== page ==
Clear Blue Insurance Company v. Fernandez et al

Filing 28

REPORT AND RECOMMENDATIONS re 12 Motion for Summary Judgment filed by Clear Blue Insurance Company. Signed by Judge Susan Hightower. (pg)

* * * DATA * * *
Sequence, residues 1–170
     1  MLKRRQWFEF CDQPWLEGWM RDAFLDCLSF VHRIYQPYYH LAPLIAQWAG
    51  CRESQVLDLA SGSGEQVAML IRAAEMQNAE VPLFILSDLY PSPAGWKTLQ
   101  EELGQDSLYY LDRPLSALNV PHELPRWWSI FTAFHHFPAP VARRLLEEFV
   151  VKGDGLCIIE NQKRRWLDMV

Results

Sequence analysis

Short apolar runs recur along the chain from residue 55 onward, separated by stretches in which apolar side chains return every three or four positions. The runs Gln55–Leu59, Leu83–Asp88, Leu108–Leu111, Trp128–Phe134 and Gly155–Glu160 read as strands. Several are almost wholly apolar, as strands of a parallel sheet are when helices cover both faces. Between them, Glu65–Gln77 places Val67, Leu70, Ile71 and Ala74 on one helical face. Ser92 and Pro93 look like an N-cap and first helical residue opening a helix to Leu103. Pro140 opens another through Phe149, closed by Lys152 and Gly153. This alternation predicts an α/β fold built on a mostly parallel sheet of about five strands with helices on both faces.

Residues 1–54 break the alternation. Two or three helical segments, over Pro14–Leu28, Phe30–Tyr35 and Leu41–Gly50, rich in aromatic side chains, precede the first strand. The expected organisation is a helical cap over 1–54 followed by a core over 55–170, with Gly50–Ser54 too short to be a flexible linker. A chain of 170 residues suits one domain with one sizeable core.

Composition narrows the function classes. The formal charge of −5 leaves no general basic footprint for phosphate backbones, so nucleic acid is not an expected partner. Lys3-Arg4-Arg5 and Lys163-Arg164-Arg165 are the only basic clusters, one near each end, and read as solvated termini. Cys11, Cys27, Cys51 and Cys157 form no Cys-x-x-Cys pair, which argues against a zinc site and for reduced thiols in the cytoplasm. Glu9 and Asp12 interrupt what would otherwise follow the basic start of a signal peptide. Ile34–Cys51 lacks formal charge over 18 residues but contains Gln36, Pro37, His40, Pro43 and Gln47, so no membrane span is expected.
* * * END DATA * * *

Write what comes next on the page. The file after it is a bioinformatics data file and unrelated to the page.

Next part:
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Case 1:22-cv-00038-RP Document 28 Filed 01/17/23 Page 1 of 12 IN THE UNITED STATES DISTRICT COURT FOR THE WESTERN DISTRICT OF TEXAS AUSTIN DIVISION CLEAR BLUE INSURANCE COMPANY, Plaintiff v. HECTOR FERNANDEZ, JUANA PURA MALDONADO DE GARCIA, MARTE FUENTES GOMEZ, as Heir of Anabella Garcia, Decedent, and as Representative of the Estate of and Next Friend of M.M., M.F., and M.F., Minor Children, and F&I ENTERPRISES, INC., Defendants § § § § § § § § § § § § Case No. 1:22-CV-00038-RP REPORT AND RECOMMENDATION OF THE UNITED STATES MAGISTRATE JUDGE TO: THE HONORABLE ROBERT PITMAN UNITED STATES DISTRICT JUDGE Before the Court are Plaintiff’s Motion for Summary Judgment Against Defendants, filed May 6, 2022 (Dkt. 12); Defendant Juana Maldonado De Garcia’s Response to Plaintiff’s Motion for Summary Judgment, filed May 20, 2022 (Dkt. 13); Plaintiff’s Reply to Defendant Juana Maldonado De Garcia’s Response, filed June 1, 2022 (Dkt. 15); Defendant Hector Fernandez’s Response to Plaintiff’s Motion for Summary Judgment, filed August 19, 2022 (Dkt. 16); and Plaintiff’s Reply to Defendant Hector Fernandez’s Response, filed August 29, 2022 (Dkt. 19). By Text Order entered December 22, 2022, the District Court referred the Motion to this Magistrate Judge for a report and recommendation, pursuant to 28 U.S.C. § 636(b)(1)(B), Federal Rule of Civil Procedure 72, and Rule 1(d) of Appendix C of the Local Court Rules of the United States District Court for the Western District of Texas. Case 1:22-cv-00038-RP Document 28 Filed 01/17/23 Page 2 of 12 I. Background On July 18, 2019, Plaintiff Clear Blue Insurance Company (“Clear Blue”), an Illinois company, issued Defendant F&I Enterprises, Inc. (“FIE”), a Texas trucking company, a commercial auto insurance policy for the policy period July 11, 2019 to July 11, 2020. Dkt. 12-1 at 3-79 (“Policy”). The Policy provides that Clear Blue has “a right and duty to defend” FIE in covered lawsuits, and that Clear Blue “will pay all sums [FIE] legally must pay as damages because of ‘bodily injury’ or ‘property damage’ to which this insurance applies, caused by an ‘accident’ and resulting from the ownership, maintenance or use of a covered ‘auto’.” Id. at 25. Relevant here, the Policy also contains a “Limit Of Insurance” provision limiting coverage for “any one ‘accident’” to $1 million. Id. at 28. On December 3, 2019, one of FIE’s tractor-trailers was involved in a collision with two other vehicles on U.S. Highway 281 in Brooks County, Texas. The drivers and passengers of the other vehicles (“Underlying Plaintiffs”) allege that FIE employee Joe Jackson tried to back a tractortrailer owned by FIE into Galvan Towing/JV Towing’s private driveway on the west side of Highway 281. Dkt. 12-4 at 4. Jackson could not put the transmission into reverse and allegedly “yelled out” to his passenger and fellow employee Sedrick Lamar Smith (“Smith”) to assist him. Id. Smith allegedly took over operating the vehicle and attempted to put it in reverse. Id. The Underlying Plaintiffs allege that during this time, “the tractor-trailer was positioned perpendicular to Highway 281 and covered the entirety of the northbound lanes, the unprotected median, and the southbound lanes of Highway 281,” which “blocked and obstructed the roadway and the path of motorists.” Id. While Smith was trying to back up the tractor-trailer into the driveway, Anabelia Garcia, who was driving northbound on Highway 281, crashed her van into its passenger side. Dkt. 8-2 at 3. Garcia died in the collision. Dkt. 12 at 5. Garcia’s three young children and Juana Pura Maldonado 2 Case 1:22-cv-00038-RP Document 28 Filed 01/17/23 Page 3 of 12 De Garcia, all passengers in Garcia’s van, survived. Id. Plaintiff Hector Fernandez alleges that Smith and Jackson helped the passengers out of Garcia’s van, but “failed to take any additional actions to prevent another impact.” Dkt. 12-4 at 4. A few minutes later, Fernandez, who also was driving his tractor-trailer northbound on Highway 281, crashed into the right side of the FIE tractor-trailer. Id. On January 7, 2020, Fernandez filed a negligence lawsuit against FIE, Smith, Jackson, and Galvan Towing in Brooks County District Court. Fernandez v. F&I Enters., No. 10-01018178CV (79th Dist. Ct., Brooks Cnty., Tex. Jan. 7, 2020) (Dkt. 12-4). De Garcia subsequently intervened in Fernandez’s suit. Dkt. 12-5. Fernandez and De Garcia’s lawsuit is set for jury trial in September 2023.1 On June 16, 2020, Garcia’s surviving husband, Marte Fuentes Gomez, filed a separate negligence lawsuit, on behalf of his deceased wife and her children, in Nueces County, Texas. Gomez v. F&I Enter., No. 2020-cv-60868-4 (Co. Ct. at Law No. 4, Nueces Cnty., Tex. June 16, 2020) (Dkt. 8-2). Gomez’s lawsuit is set for jury trial in August 2023.2 On January 14, 2022, Clear Blue filed this declaratory judgment action under 28 U.S.C. § 2201, seeking a declaration that the claims asserted in the two pending state court lawsuits (“Underlying Lawsuits”) against its client, FIE, are subject to a single policy limit of $1 million under the Policy. Original Complaint for Declaratory Judgment (Dkt. 1). Clear Blue argues that Garcia and Fernandez’s two separate collisions with the FIE tractor-trailer should be considered a single “accident” under the Policy and therefore subject to the $1 million coverage limit. 1 See The Court takes judicial notice of state court dockets under Federal Rule of Evidence 201. Stiel v. Heritage Numismatic Auctions, Inc., 816 F. App’x 888, 892 (5th Cir. 2020) (holding that district court may take judicial notice of state court docket); see also Davis v. Bayless, 70 F.3d 367, 372 (5th Cir. 1995) (taking judicial notice of state court orders). 2 See 3 Case 1:22-cv-00038-RP Document 28 Filed 01/17/23 Page 4 of 12 On May 6, 2022, Clear Blue filed this Motion for Summary Judgment under Rule 56(c), asking the Court to “grant its Motion for Summary Judgment and rule as a matter of law that $1 million is the maximum available coverage for all claims against its insured.” Dkt. 12 at 11. Defendants De Garcia and Fernandez3 oppose the Motion, arguing that summary judgment on Clear Blue’s duty to indemnify FIE is premature because the Underlying Lawsuits are pending in state court. II. Applicable Legal Standards A. 28 U.S.C. § 2201 “The Declaratory Judgment Act provides that, ‘[i]n a case of actual controversy within its jurisdiction . . . any court of the United States . . . may declare the rights and other legal relations of any interested party seeking such declaration, whether or not further relief is or could be sought.’” MedImmune, Inc. v. Genentech, Inc., 549 U.S. 118, 126 (2007) (quoting 28 U.S.C § 2201(a)). When considering a declaratory judgment action, a district court engages in a threestep inquiry. Orix Credit All., Inc. v. Wolfe, 212 F.3d 891, 895 (5th Cir. 2000). The court must ask: (1) “whether an ‘actual controversy’ exists between the parties”; (2) whether it has authority to grant declaratory relief; and (3) whether “to exercise its broad discretion to decide or dismiss a declaratory judgment action.” Id. The statute’s requirement of a “case of actual controversy” refers to an Article III case or controversy. MedImmune, 549 U.S. at 126. The party moving for a declaratory judgment bears the burden of pleading facts showing the existence of a justiciable controversy. Frye v. Anadarko Petroleum Corp., 953 F.3d 285, 293-94 (5th Cir. 2019). B. Rule 56 Summary judgment will be rendered when the pleadings, the discovery and disclosure materials, and any affidavits on file show that there is no genuine dispute as to any material fact 3 Defendants FIE and Marte Fuentes Gomez did not respond to the Motion for Summary Judgment. Also, although FIE was served on February 9, 2022, it has not filed an answer or otherwise responded to this lawsuit. 4 Case 1:22-cv-00038-RP Document 28 Filed 01/17/23 Page 5 of 12 and that the moving party is entitled to judgment as a matter of law. FED. R. CIV. P. 56(a); Celotex Corp. v. Catrett, 477 U.S. 317, 323-25 (1986); Washburn v. Harvey, 504 F.3d 505, 508 (5th Cir. 2007). A dispute over a material fact is “genuine” if the evidence is such that a reasonable jury could return a verdict in favor of the nonmoving party. Anderson v. Liberty Lobby, Inc., 477 U.S. 242, 248 (1986). When ruling on a motion for summary judgment, the court is required to view all inferences drawn from the factual record in the light most favorable to the nonmoving party. Matsushita Elec. Indus. Co. v. Zenith Radio, 475 U.S. 574, 587 (1986); Washburn, 504 F.3d at 508. A court “may not make credibility determinations or weigh the evidence” in ruling on a motion for summary judgment. Reeves v. Sanderson Plumbing Prods., Inc., 530 U.S. 133, 150 (2000); see also Anderson, 477 U.S. at 254-55. Once the moving party has made an initial showing that there is no evidence to support the nonmoving party’s case, the party opposing the motion must come forward with competent summary judgment evidence of the existence of a genuine fact issue. Matsushita, 475 U.S. at 586. Mere conclusory allegations are not competent summary judgment evidence, and thus are insufficient to defeat a motion for summary judgment. Turner v. Baylor Richardson Med. Ctr., 476 F.3d 337, 343 (5th Cir. 2007). Unsubstantiated assertions, improbable inferences, and unsupported speculation also are not competent summary judgment evidence. Id. The party opposing summary judgment is required to identify specific evidence in the record and to articulate the precise manner in which that evidence supports its claim. Adams v. Travelers Indem. Co. of Conn., 465 F.3d 156, 164 (5th Cir. 2006). If the nonmoving party fails to make a showing sufficient to establish the existence of an element essential to its case and on which it will bear the burden of proof at trial, summary judgment must be granted. Celotex, 477 U.S. at 322-23. 5 Case 1:22-cv-00038-RP Document 28 Filed 01/17/23 Page 6 of 12 C. Texas Insurance Law When federal jurisdiction is based on diversity of citizenship, as in this case, federal courts look to the substantive law of the forum state. See Erie R.R. Co. v. Tompkins, 304 U.S. 64, 78 (1938); Colony Ins. Co. v. Peachtree Constr., Ltd., 647 F.3d 248, 252 (5th Cir. 2011). Therefore Texas law governs this diversity action and informs the Court’s interpretation of the Policy. The principles courts use when interpreting an insurance policy under Texas law are well established. Gilbert Texas Const., L.P. v. Underwriters at Lloyd’s London, 327 S.W.3d 118, 126 (Tex. 2010). “Insurance policies are interpreted under the rules of construction that apply to contracts in general. The primary goal of contract construction is to effectuate the parties’ intent as expressed in the contract.” Monroe Guar. Ins. Co. v. BITCO Gen. Ins. Corp., 640 S.W.3d 195, 198-99 (Tex. 2022). A court begins its analysis “with the language of the contract because it is the best representation of what the parties mutually intended. Unless the policy dictates otherwise, we give words and phrases their ordinary and generally accepted meaning, reading them in context and in light of the rules of grammar and common usage.” RSUI Indem. Co. v. Lynd Co., 466 S.W.3d 113, 118 (Tex. 2015) (citations omitted). An insurer owes two “distinct and separate duties”: the duty to defend the insured against lawsuits and the duty to indemnify the insured against claims and judgments. D.R. Horton-Tex., Ltd. v. Markel Int’l Ins. Co., 300 S.W.3d 740, 742 (Tex. 2009). Whether a lawsuit activates an insurer’s duty to defend is controlled by the “eight-corners rule.” State Farm Lloyds v. Richards, 966 F.3d 389, 392 (5th Cir. 2020). “And under Texas’s well-established eight-corners rule, an insurer’s ‘duty to defend is determined by the claims alleged in the petition and the coverage provided in the policy.’” Id. (quoting Pine Oak Builders, Inc. v. Great Am. Lloyds Ins. Co., 279 S.W.3d 650, 654 (Tex. 2009)). 6 Case 1:22-cv-00038-RP Document 28 Filed 01/17/23 Page 7 of 12 The duty to indemnify, by contrast, “is determined by the facts that are eventually ascertained in the underlying lawsuit.” Hartford Cas. Ins. Co. v. DP Eng’g, L.L.C., 827 F.3d 423, 430 (5th Cir. 2016). “This usually means waiting to resolve the duty to indemnify until after a trial in the underlying litigation because facts established at trial determine the duty to indemnify.” Turner v. Cincinnati Ins. Co., 9 F.4th 300, 314 (5th Cir. 2021) (cleaned up). III. Analysis Clear Blue does not dispute that it has a duty to defend FIE in the Underlying Lawsuits. Instead, Clear Blue argues that its duty to indemnify FIE against the Underlying Plaintiffs’ claims is limited to $1 million under the Policy because Garcia’s initial collision with the FIE tractor-trailer and Fernandez’s subsequent collision with the FIE tractor-trailer should be considered a single “accident” under the Policy. The Policy requires Clear Blue to defend and indemnify FIE in covered lawsuits by paying “all sums” FIE “legally must pay as damages” because of bodily injury or property damage “caused by an ‘accident’ and resulting from the ownership, maintenance or use of a covered ‘auto.’” Dkt. 12-1 at 25. Clear Blue argues that the following Limit Of Insurance section in the Policy limits the Underlying Plaintiffs’ claims to $1 million in total coverage for all their claims: Regardless of the number of covered “autos”, “insureds”, premiums paid, claims made or vehicles involved in the “accident”, the most we will pay for the total of all damages and “covered pollution cost or expense” combined resulting from any one “accident” is the Limit Of Insurance for Covered Autos Liability Coverage shown in the Declarations [$1 million]. All “bodily injury”, “property damage” and “covered pollution cost or expense” resulting from continuous or repeated exposure to substantially the same conditions will be considered as resulting from one “accident”. Id. Dkt. 12-1 at 28-29. “Accident” is defined as “continuous or repeated exposure to the same conditions resulting in ‘bodily injury’ or ‘property damage.’” Id. at 33. 7 Case 1:22-cv-00038-RP Document 28 Filed 01/17/23 Page 8 of 12 The Fifth Circuit analyzed an identical limit of insurance provision in Evanston Ins. Co. v. Mid-Continent Cas. Co., 909 F.3d 143 (5th Cir. 2018). In that insurance coverage dispute, the underlying defendant’s Mack truck negligently struck five different cars in ten minutes on a highway in Houston. Id. at 144. The underlying plaintiffs filed several lawsuits in state court and all entered into multi-million-dollar settlements. Id. The truck’s primary insurer refused to contribute more than $1 million toward settlement of the final three collisions, claiming that they were part of a single “accident” under its policy and that $1 million was the primary insurer’s limit of liability per accident. Id. The excess insurer sued the primary insurer in federal court. Id. The parties stipulated to the facts and filed cross-motions for summary judgment as to whether the final three impacts constituted a single “accident” or separate “accidents” under the policy and Texas law. Id. The district court held that two accidents occurred. On appeal, the Fifth Circuit reversed, finding that there was only one accident. The Fifth Circuit clarified that under Texas law: the appropriate inquiry is whether there was one proximate, uninterrupted, and continuing cause which resulted in all of the injuries and damage. If so, then there was a single occurrence. If the chain of proximate causation was broken by a pause in the negligent conduct or by some intervening cause, then there were multiple occurrences, even if the insured’s negligent conduct which caused each of the injuries was the same kind of negligent conduct. Id. at 150. On the stipulated facts4 before it, the court concluded that there was only one accident under the policy because: The ongoing negligence of the runaway Mack truck was the single “proximate, uninterrupted, and continuing cause” of all the collisions. After all, the parties agree that [the driver of the Mack truck] did not apply the brakes at any time from first striking the Accord until all the vehicles came to rest. Id. at 151. See id. at 144 (“Since the case was submitted below on a stipulation, there is no dispute as to the material facts.”). 4 8 Case 1:22-cv-00038-RP Document 28 Filed 01/17/23 Page 9 of 12 Clear Blue argues that the Evanston analysis limits its coverage “to a single $1 million limit because the undisputed facts demonstrate that all of the Claimants’ claims result from a single cause and liability triggering event,” that is, the FIE employees’ “failure to back safely into the private driveway, so that the tractor-trailer obstructed all traffic, resulting in both collisions.” Dkt. 12 at 5, 12. Therefore, Clear Blue argues, this Court should issue a declaratory judgment that all of the Underlying Plaintiffs’ claims against FIE are limited to $1 million. The Court finds that Clear Blue cannot rely on Evanston and its other cited authority because, unlike in those cases, the Underlying Lawsuits in this case remain pending and FIE’s liability has not been conclusively determined. Therefore, it would be premature for the Court to issue a declaratory judgment as to Clear Blue’s duty to indemnify FIE. A federal court may not issue a declaratory judgment unless an “actual controversy” exists; in other words, there must be a substantial controversy of sufficient immediacy and reality between parties having adverse legal interests. Middle S. Energy, Inc. v. City of New Orleans, 800 F.2d 488, 490 (5th Cir. 1986). “An actual case or controversy exists before the resolution of an insured’s underlying suit concerning the insurer’s duty to defend.” Columbia Cas. Co. v. Georgia & Fla. RailNet, Inc., 542 F.3d 106, 110 (5th Cir. 2008). An insurer’s duty to indemnify, in contrast, “generally cannot be ascertained until the completion of litigation, when liability is established, if at all.” Peachtree Const., 647 F.3d at 253; see also Hartford Cas., 827 F.3d at 430 (stating that “the duty to indemnify typically cannot be adjudicated until there has been a judgment in the underlying suit because facts proven at trial may differ slightly from the allegations”). “This is because, unlike the duty to defend, which turns on the pleadings, the duty to indemnify is triggered by the actual facts establishing liability in the underlying suit, and whether any damages caused by the insured and later proven at trial are covered by the terms of the policy.” Peachtree Const., 647 F.3d at 253. 9 Case 1:22-cv-00038-RP Document 28 Filed 01/17/23 Page 10 of 12 There are two limited exceptions to the rule that courts consider the duty to indemnify justiciable only after the underlying suit is concluded. First, “the duty to indemnify is justiciable before the insured’s liability is determined in the liability lawsuit when the insurer has no duty to defend and the same reasons that negate the duty to defend likewise negate any possibility the insurer will ever have a duty to indemnify.” Farmers Texas County Mut. Ins. Co. Griffin, 955 S.W.2d 81, 84 (Tex. 1997). Second, courts have allowed parties to “offer extrinsic evidence to prove or negate the insurer’s duty to indemnify if the underlying lawsuit never goes to trial or if trial does not develop the facts necessary to determine policy coverage.” Hartford Cas., 827 F.3d at 430 (citing D.R. Horton-Texas, 300 S.W.3d at 743). Neither of these exceptions is applicable here. Therefore, Clear Blue’s duty to indemnify FIE is not ripe for adjudication. See Penn-Am. Ins. Co. v. Tarango Trucking, L.L.C., 30 F.4th 440, 448 (5th Cir. 2022) (reversing district court’s ruling that insurer had no duty to indemnify insured in underlying action where underlying suit had not concluded and insurer had a duty to defend, finding that “it was premature for the district court to decide the indemnity issue”); Fed. Ins. Co. v. Northfield Ins. Co., No. 4:14-CV-0262, 2017 WL 11633133, at *22 (S.D. Tex. Nov. 15, 2017) (holding that insurer’s duty to indemnify was not ripe for adjudication where liability had not been conclusively determined in the underlying suit and no exception applied); Canal Ins. Co. v. XMEX Transp., LLC, 1 F. Supp. 3d 516, 530-31 (W.D. Tex. 2014) (holding that under both Texas and Tennessee law “the Court may at this time rule on the duty to defend, based only on the allegations in the state court pleadings and the language of the Policy, but may not rule on the duty to indemnify until the State Court Litigation has concluded”). Unlike in Evanston, the Underlying Plaintiffs do not stipulate that FIE’s negligence in blocking the highway was the single “proximate, uninterrupted, and continuing cause” of both collisions. Evanston, 909 F.3d at 151. The Underlying Plaintiffs point out that one of the police reports 10 Case 1:22-cv-00038-RP Document 28 Filed 01/17/23 Page 11 of 12 expressly credits “the inoperative state of the units involved in the previous crash” as a contributing factor in the second crash; the occurrence of this first wreck may have been a new and intervening cause of the second wreck, to say nothing of the potential for contributory negligence by either of the oncoming drivers. Dkt. 13 at 6 (quoting Dkt. 12-3 at 3). Thus, Defendants argue that in the Underlying Lawsuits, FIE may contend that the first wreck was proximately caused by the negligence of Anabelia Garcia (the driver of the van that initially struck FIE’s vehicle), that the second wreck was proximately caused by some combination of negligence by Anabelia Garcia and Hector Fernandez (the driver of the truck that subsequently struck FIE’s vehicle), and that these alternative, independent causes interrupt the chain of causation between FIE’s vehicle blocking traffic and the wrecks themselves. Id. at 7. The state court juries may agree or disagree. But it is those juries who must resolve those fact questions, not this Court on summary judgment. See Hartford Cas. Ins., 827 F.3d at 431 (holding that it was error for the district court to grant summary judgment to insurer on duty to indemnify where the allegations in the underlying lawsuits did not conclusively foreclose that facts adduced at trial may show a duty to indemnify). Because the Underlying Lawsuits have not been resolved, Clear Blue’s duty to indemnify FIE is not ripe for adjudication and the Court should abate consideration of the duty to indemnify until after the underlying litigation has been concluded. See Northfield Ins., 2017 WL 11633133, at *24 (stating that it is appropriate to stay, rather than dismiss, declaratory judgment actions over an insurer’s duty to indemnify until the litigation concludes) (collecting cases). Accordingly, Clear Blue’s Motion for Summary Judgment should be denied without prejudice to refiling after the underlying litigation has been fully resolved. IV. Recommendation This Magistrate Judge RECOMMENDS that the District Court DENY without prejudice Plaintiff Clear Blue Insurance Company’s Motion for Summary Judgment (Dkt. 12). 11 Case 1:22-cv-00038-RP Document 28 Filed 01/17/23 Page 12 of 12 It is FURTHER ORDERED that this case be removed from the Magistrate Court’s docket and returned to the docket of the Honorable Robert Pitman. V. Warnings The parties may file objections to this Report and Recommendation. A party filing objections must specifically identify those findings or recommendations to which objections are being made. The District Court need not consider frivolous, conclusive, or general objections. See Battle v. United States Parole Comm’n, 834 F.2d 419, 421 (5th Cir. 1987). A party’s failure to file written objections to the proposed findings and recommendations contained in this Report within fourteen (14) days after the party is served with a copy of the Report shall bar that party from de novo review by the District Court of the proposed findings and recommendations in the Report and, except on grounds of plain error, shall bar the party from appellate review of unobjected-to proposed factual findings and legal conclusions accepted by the District Court. See 28 U.S.C. § 636(b)(1)(c); Thomas v. Arn, 474 U.S. 140, 150-53 (1985); Douglass v. United Servs. Auto. Ass’n, 79 F.3d 1415, 1428-29 (5th Cir. 1996) (en banc). SIGNED on January 17, 2023. SUSAN HIGHTOWER UNITED STATES MAGISTRATE JUDGE 12